Let me preface this by saying I know zero, or is it zed, about ham radios, Morse code,or anything to do with the ionospheric effect on electro-magnetic watchamacallit's. Yet I loved Contact Sport. First of all, I loved it for the youthful exuberance of the author. Once again,as in his first book Reunion, J. K George has a managed to harness his inner adolescent to pen this book. It is such a joyful account of something. I have never been so exited about something I did not completely understand. It takes real talent to make that happen. And, secondly, underneath all the joy is this current (yes pun intended) of something so profoundly spiritual that I did not grasp it until I was three quarters of the way through the book. Pay attention to those tiny (actually invisible) arrows used throughout the text! They point to something important. I kept hearing in my head Longfellow's poem...


I shot an arrow into the air,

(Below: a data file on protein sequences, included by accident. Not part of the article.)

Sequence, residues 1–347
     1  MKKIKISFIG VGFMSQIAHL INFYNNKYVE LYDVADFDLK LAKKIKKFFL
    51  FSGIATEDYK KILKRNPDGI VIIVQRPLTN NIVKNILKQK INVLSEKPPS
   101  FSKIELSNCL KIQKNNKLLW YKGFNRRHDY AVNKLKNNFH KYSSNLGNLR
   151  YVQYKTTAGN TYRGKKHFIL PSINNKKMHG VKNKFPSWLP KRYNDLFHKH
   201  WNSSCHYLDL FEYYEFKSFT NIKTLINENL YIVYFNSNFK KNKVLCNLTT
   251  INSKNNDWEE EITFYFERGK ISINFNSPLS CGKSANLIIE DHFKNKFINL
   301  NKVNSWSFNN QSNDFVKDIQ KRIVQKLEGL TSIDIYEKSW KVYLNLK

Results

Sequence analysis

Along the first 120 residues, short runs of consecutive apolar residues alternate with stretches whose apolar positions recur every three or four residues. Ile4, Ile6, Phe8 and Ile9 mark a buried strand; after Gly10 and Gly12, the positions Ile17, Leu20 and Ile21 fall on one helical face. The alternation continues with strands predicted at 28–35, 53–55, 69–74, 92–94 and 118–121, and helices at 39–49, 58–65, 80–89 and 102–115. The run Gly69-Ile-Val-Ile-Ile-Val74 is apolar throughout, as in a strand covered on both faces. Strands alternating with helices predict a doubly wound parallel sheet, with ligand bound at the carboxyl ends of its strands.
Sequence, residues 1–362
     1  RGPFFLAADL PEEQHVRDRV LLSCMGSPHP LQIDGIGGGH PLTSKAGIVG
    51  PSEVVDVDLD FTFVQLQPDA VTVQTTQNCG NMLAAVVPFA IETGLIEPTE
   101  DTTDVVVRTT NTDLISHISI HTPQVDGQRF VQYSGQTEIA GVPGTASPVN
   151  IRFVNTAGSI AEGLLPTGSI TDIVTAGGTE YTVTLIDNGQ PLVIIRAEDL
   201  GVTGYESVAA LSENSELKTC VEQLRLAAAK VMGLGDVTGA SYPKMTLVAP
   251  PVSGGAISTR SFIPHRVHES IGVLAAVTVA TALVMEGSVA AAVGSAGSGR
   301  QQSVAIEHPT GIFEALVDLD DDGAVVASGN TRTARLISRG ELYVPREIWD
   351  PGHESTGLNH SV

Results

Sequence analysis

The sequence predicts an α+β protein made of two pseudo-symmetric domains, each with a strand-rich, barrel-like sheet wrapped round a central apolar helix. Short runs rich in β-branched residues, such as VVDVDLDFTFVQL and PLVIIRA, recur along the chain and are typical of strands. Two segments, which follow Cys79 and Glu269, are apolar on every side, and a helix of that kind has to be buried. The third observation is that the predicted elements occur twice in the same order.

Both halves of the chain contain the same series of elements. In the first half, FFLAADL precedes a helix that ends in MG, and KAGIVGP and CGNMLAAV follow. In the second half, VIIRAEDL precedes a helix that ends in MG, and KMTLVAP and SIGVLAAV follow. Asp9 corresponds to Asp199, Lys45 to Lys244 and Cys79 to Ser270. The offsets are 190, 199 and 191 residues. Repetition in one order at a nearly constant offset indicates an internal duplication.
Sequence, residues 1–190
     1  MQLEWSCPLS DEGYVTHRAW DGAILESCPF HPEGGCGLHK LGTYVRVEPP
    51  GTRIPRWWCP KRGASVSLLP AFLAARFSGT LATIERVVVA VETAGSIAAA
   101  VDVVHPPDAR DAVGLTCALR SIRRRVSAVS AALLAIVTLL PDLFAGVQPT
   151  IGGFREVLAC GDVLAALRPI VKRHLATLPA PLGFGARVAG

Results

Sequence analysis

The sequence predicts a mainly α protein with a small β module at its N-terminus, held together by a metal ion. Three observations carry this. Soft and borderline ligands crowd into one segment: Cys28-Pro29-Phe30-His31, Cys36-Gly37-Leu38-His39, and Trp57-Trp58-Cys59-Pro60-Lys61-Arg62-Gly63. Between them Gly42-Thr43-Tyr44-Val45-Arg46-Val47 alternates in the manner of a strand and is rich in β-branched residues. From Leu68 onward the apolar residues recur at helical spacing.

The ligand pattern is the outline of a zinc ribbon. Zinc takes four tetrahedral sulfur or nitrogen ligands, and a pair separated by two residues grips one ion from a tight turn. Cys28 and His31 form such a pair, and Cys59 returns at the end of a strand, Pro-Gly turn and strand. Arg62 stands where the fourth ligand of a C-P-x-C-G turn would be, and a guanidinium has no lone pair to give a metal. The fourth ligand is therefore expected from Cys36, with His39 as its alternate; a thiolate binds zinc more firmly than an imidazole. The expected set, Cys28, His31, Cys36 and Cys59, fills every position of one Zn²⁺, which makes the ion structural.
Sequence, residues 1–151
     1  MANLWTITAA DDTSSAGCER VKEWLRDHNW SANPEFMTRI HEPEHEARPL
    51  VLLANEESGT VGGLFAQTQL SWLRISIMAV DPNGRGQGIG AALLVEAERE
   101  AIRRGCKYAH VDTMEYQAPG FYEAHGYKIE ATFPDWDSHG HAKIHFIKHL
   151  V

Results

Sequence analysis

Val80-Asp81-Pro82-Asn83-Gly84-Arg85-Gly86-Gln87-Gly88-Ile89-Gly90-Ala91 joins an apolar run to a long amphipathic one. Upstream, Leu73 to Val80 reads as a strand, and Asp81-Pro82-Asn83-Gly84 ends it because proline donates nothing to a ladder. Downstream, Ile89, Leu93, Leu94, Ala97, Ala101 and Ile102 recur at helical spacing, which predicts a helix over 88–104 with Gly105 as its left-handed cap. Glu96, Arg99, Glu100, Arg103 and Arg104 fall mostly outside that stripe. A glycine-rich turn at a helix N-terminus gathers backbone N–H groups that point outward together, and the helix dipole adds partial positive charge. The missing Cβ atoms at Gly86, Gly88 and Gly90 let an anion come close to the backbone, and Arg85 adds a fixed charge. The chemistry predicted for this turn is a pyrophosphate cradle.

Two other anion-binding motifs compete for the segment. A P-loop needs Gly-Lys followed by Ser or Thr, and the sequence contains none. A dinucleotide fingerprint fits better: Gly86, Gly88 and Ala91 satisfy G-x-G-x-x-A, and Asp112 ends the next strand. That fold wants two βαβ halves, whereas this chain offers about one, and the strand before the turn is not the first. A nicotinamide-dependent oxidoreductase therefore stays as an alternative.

It fell to earth, I knew not where;
For, so swiftly it flew, the sight
Could not follow it in its flight.


I breathed a song into the air,
It fell to earth, I knew not where;
For who has sight so keen and strong,
That it can follow the flight of song?


Long, long afterward, in an oak
I found the arrow, still unbroke;
And the song, from beginning to end,
I found again in the heart of a friend.


Making contact with another human being is primal. We can all relate to wanting to be connected if only by a radio signal. To quote the author "Morse seems to bridge an emotional connection of some sort.  The sounds of the characters invoke a deep-seated resonance, an auditory-sensory connection to the human spirit."


I recommend Contact Sport to everyone. You don't need to be a "radio ham" to connect with its message.

Shanny Lott, Artist in Painting and Sculpture